Thursday, January 29, 2015

Why Charles Dickens Isn't The Father of Steampunk

Dianna Gunn approached me with the idea of writing a few blog posts about steampunk. I enjoy this genre both as a writer and as a reader. I am happy to share ideas about this type of speculative fiction with a caveat: these blog articles are not ultimate, end-all-be-all definitions of the genre. Steampunk is still a work-in-progress. It is still evolving. There are new stories to be told and new writers to be discovered that will add their distinctive voices to the mix. I am simply one author among many talking about how to create a story world in a genre I enjoy. I welcome comments and observations from others who enjoy steampunk and all types of speculative fiction.

For me, steampunk is a genre of speculation, whether it is set in an alternative version of Victorian England, in an alternative American West, in a future where steam power rather than electrical current runs the world, or in a fantasy setting where steam power is in mainstream use. The technology in steampunk novels and short stories has been called “retro-futuristic” by some enthusiasts; this is a way to describe modern technology and inventions as people in the 19th century might have envisioned them using the technology of their time. It owes a debt of gratitude for its creation to such authors as Jules Vern, Mary Shelly, and H.G. Wells: Their works are speculative, and some critics refer to them as writers of steampunk novels. (This can be debated—and has been on many a steampunk blog forum.) In terms of world-building, though, the genre owes an even larger debt to Charles Dickens and his depiction of Victorian England.

In the Encyclopedia of Science Fiction, John Clute (2014) writes:
It is as if, for a handful of sf writers, Victorian London has come to stand for one of those turning points in history where things can go one way or the other, a turning point peculiarly relevant to sf itself. It was a city of industry, science and technology where the modern world was being born, and a claustrophobic city of nightmare where the cost of this growth was registered in filth and squalor . . . These recall not so much the actual nineteenth-century as a nineteenth century seen through the creatively distorting lens of Charles Dickens, whose congested, pullulating nineteenth-century landscapes . . . were the foul rag-and-bone shop of history from which the technological world, and hence the world of sf, originally sprang. Somewhere behind most steampunk visions are filthy coal heaps or driving pistons (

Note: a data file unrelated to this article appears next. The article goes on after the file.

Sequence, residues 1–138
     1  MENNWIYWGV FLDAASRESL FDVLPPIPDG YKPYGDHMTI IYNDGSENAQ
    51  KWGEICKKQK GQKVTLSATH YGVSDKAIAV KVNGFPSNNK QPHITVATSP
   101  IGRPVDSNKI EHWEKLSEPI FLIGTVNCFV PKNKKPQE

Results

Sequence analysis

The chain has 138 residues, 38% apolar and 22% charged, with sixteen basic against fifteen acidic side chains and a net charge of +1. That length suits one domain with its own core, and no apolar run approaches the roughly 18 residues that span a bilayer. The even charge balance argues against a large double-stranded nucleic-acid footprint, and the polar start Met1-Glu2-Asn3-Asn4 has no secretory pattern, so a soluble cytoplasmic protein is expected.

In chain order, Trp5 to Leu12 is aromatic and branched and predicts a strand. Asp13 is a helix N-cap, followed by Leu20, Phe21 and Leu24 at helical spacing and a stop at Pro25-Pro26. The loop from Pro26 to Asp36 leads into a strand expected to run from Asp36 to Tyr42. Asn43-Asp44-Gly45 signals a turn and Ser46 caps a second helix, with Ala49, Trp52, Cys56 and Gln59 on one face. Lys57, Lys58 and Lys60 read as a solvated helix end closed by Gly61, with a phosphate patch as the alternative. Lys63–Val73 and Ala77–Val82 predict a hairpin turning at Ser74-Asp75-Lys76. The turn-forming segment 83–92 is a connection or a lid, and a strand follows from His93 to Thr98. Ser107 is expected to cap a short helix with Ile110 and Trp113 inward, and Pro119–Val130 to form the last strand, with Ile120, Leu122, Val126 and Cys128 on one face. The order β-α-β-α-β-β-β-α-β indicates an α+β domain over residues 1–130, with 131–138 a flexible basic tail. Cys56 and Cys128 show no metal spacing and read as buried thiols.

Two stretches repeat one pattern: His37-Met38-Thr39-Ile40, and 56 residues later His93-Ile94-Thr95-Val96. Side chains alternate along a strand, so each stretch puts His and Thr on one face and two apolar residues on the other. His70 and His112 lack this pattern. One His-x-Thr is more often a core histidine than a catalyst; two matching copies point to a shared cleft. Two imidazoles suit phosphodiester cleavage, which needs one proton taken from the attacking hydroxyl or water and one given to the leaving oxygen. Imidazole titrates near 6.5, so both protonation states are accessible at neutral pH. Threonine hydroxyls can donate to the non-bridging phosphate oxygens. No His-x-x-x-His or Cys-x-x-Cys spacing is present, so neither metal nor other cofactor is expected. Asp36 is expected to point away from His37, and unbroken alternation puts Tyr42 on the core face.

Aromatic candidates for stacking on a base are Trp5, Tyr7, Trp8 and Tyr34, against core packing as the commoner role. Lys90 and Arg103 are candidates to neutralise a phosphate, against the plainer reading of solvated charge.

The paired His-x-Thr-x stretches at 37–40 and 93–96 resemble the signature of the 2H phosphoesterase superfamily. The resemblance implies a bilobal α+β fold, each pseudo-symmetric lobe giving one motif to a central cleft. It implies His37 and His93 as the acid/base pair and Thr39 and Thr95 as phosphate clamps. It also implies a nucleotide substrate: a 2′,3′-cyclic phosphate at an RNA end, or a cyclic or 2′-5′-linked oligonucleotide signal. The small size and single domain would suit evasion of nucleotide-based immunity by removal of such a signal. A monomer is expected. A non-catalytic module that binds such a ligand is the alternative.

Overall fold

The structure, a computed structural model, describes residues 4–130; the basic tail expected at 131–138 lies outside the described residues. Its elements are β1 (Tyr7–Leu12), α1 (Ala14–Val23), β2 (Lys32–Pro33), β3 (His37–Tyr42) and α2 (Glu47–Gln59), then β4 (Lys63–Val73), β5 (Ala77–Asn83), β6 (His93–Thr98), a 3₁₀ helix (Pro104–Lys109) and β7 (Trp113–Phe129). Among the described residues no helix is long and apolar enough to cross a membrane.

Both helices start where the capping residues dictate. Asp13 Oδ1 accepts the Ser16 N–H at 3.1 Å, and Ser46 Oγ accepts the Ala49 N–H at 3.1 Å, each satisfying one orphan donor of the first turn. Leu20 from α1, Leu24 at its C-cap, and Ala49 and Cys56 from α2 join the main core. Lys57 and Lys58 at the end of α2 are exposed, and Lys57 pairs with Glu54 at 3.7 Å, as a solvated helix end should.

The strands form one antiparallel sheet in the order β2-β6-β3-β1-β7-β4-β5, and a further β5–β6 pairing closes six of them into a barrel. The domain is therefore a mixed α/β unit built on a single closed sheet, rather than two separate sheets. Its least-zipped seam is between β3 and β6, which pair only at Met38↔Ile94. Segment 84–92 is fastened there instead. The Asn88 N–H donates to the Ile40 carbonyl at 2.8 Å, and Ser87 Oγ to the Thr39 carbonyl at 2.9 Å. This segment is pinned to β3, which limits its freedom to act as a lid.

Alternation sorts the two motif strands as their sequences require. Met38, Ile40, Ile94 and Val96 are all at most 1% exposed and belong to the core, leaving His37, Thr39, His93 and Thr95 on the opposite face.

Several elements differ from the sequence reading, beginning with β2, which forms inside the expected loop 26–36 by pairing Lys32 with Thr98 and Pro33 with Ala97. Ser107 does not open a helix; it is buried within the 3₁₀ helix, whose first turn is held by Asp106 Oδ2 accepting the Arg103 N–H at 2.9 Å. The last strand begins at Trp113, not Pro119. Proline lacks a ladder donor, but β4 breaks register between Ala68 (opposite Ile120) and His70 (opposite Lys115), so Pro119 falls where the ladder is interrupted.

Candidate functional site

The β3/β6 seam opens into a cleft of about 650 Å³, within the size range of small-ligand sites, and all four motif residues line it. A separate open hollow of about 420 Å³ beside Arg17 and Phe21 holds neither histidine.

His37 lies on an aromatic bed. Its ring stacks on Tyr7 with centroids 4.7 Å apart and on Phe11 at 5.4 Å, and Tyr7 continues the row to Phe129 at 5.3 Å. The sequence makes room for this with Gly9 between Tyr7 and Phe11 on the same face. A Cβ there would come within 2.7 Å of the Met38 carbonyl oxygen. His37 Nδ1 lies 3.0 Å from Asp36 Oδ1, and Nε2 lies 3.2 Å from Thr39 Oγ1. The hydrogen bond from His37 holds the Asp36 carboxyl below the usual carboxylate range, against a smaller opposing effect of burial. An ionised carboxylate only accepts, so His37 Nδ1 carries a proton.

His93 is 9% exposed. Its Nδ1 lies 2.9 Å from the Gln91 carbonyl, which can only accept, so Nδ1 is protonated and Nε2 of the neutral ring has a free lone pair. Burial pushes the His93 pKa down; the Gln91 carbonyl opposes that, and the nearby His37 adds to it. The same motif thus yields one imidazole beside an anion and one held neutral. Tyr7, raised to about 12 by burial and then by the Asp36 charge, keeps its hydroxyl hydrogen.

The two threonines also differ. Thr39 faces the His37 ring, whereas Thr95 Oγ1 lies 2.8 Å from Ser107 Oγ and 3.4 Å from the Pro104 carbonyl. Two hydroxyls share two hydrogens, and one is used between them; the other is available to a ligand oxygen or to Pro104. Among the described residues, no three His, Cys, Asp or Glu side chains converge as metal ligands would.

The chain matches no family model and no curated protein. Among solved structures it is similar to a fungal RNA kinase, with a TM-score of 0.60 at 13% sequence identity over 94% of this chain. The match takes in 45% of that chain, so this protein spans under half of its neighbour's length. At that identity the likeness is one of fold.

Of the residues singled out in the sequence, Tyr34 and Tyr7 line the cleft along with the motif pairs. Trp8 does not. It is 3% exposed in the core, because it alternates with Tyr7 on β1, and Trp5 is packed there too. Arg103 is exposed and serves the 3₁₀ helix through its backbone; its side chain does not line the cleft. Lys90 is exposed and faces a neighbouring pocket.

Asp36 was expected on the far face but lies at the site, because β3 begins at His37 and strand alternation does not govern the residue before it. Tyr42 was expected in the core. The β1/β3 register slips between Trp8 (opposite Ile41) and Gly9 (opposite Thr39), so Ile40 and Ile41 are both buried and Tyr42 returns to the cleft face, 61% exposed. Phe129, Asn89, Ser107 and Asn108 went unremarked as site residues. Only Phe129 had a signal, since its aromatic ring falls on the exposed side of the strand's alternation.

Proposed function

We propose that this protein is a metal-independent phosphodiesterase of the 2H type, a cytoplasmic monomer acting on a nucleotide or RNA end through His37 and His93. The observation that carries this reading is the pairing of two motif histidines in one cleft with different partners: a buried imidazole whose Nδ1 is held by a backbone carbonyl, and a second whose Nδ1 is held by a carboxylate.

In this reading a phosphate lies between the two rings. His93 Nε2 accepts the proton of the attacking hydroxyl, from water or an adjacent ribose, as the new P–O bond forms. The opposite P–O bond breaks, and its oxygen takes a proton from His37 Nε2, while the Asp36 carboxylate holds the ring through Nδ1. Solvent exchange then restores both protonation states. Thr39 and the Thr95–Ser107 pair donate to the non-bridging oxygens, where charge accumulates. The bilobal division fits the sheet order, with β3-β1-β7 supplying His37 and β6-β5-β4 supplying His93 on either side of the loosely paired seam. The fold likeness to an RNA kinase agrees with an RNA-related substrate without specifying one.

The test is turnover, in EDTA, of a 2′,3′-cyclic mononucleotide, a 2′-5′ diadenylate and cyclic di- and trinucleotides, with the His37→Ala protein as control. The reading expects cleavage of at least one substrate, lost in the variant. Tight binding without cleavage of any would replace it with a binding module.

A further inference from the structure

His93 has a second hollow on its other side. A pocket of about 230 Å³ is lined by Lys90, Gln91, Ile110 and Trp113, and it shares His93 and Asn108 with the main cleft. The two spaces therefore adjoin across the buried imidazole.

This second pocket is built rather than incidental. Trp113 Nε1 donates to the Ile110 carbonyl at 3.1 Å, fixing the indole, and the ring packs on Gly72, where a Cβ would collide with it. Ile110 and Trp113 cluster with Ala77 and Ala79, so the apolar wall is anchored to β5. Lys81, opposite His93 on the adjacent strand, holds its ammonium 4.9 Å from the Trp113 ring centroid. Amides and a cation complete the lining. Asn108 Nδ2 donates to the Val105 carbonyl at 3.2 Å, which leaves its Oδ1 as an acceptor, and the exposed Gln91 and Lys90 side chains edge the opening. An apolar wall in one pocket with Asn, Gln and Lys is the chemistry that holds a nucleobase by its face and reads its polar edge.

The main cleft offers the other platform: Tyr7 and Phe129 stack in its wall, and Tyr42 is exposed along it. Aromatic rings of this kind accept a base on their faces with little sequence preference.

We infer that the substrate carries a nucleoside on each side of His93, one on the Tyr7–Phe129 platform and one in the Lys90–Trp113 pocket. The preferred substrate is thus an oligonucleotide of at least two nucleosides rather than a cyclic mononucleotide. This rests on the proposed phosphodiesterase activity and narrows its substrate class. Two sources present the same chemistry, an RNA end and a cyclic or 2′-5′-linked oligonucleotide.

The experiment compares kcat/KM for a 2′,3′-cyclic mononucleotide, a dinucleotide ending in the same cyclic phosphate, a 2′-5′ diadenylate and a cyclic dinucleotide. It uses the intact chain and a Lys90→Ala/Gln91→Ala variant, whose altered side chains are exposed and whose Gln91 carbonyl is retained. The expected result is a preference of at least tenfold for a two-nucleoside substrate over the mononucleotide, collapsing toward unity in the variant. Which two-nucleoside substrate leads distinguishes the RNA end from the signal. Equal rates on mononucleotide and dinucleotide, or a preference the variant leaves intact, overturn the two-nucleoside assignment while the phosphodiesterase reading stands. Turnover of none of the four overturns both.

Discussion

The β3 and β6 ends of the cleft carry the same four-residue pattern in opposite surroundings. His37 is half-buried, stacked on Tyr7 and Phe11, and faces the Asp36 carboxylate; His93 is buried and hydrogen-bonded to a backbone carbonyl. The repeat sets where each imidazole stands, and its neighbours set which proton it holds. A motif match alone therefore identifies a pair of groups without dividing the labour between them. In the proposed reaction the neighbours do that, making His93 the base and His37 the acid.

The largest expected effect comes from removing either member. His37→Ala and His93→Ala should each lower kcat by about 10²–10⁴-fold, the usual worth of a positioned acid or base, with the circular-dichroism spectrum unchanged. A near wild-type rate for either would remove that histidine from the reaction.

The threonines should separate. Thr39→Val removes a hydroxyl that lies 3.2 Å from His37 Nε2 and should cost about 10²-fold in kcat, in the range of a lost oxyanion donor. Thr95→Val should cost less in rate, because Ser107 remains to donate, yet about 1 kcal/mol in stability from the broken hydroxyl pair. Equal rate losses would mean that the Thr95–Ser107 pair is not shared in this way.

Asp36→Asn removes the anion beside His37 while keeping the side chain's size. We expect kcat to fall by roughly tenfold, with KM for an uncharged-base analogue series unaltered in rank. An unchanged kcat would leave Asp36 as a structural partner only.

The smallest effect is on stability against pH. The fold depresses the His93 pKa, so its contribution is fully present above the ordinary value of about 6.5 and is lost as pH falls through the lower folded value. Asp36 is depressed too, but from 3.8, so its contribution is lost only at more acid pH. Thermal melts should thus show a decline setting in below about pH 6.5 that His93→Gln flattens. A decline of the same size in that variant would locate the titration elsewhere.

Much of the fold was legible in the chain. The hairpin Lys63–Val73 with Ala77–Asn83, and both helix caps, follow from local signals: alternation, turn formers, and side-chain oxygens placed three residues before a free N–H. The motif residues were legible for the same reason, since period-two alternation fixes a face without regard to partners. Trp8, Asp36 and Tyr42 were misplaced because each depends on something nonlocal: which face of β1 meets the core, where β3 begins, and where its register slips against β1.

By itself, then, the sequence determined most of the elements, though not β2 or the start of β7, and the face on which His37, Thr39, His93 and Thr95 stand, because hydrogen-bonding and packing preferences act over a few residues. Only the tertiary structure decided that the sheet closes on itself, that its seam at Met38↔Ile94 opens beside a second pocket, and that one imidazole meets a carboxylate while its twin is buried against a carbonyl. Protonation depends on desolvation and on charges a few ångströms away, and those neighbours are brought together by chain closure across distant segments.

To Clute’s definition I would add an emphasis on the idea of the “turning point.” Victorian literature is filled with examples of a culture on the verge of reinventing itself. In the 19th century, Britain had moved from a primarily agricultural system to one based in manufacturing. Technological change was a way to improve the standard of life for all citizens. The lower class were abandoning the farms and moving to the cities in droves in search of a better life. The country was in the throes of the first industrial revolution in world history. The smokestacks from the mills and engineering works pumped noxious chemicals into the air. The buildings were covered with soot, pitted, and eroded by fumes. In this situation, is it no wonder that some people looked to the past and life in the small towns and countryside as a panacea? Yet those who would abandon the overcrowded cities and new technology seemed to forget the poverty and starvation of those who had previously lived the pastoral life. It was a culture being pulled in two opposite directions and this was reflected in the literature of the time.